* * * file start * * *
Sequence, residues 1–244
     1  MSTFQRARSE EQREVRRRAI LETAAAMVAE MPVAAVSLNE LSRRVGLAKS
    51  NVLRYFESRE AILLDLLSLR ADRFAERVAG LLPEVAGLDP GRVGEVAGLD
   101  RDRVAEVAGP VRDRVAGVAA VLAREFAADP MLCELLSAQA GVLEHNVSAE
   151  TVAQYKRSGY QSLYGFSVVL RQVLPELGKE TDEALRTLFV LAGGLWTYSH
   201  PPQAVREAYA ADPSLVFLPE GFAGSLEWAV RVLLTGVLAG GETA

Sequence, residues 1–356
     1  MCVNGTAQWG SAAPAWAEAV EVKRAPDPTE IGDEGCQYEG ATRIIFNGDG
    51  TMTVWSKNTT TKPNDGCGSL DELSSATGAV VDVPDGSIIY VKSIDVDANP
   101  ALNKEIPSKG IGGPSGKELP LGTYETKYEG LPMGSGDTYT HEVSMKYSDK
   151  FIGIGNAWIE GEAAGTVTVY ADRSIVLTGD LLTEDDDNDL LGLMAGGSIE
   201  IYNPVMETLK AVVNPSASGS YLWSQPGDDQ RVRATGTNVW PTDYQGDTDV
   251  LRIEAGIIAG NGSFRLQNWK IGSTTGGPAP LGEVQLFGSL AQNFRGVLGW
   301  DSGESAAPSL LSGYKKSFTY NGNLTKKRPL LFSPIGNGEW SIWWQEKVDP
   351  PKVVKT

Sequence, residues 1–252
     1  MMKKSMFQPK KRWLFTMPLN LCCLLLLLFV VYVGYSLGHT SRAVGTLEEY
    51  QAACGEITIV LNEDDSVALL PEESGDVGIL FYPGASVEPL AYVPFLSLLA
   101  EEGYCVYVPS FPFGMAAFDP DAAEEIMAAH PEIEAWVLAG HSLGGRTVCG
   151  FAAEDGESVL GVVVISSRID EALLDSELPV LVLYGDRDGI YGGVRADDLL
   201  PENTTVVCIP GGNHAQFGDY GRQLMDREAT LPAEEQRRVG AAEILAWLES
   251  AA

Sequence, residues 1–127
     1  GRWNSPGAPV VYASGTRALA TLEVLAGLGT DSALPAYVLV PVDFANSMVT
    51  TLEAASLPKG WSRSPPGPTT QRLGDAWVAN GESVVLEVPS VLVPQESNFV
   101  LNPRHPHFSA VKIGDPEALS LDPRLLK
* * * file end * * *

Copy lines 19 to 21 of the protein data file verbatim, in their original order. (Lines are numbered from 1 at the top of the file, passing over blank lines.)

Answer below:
   101  EEGYCVYVPS FPFGMAAFDP DAAEEIMAAH PEIEAWVLAG HSLGGRTVCG
   151  FAAEDGESVL GVVVISSRID EALLDSELPV LVLYGDRDGI YGGVRADDLL
   201  PENTTVVCIP GGNHAQFGDY GRQLMDREAT LPAEEQRRVG AAEILAWLES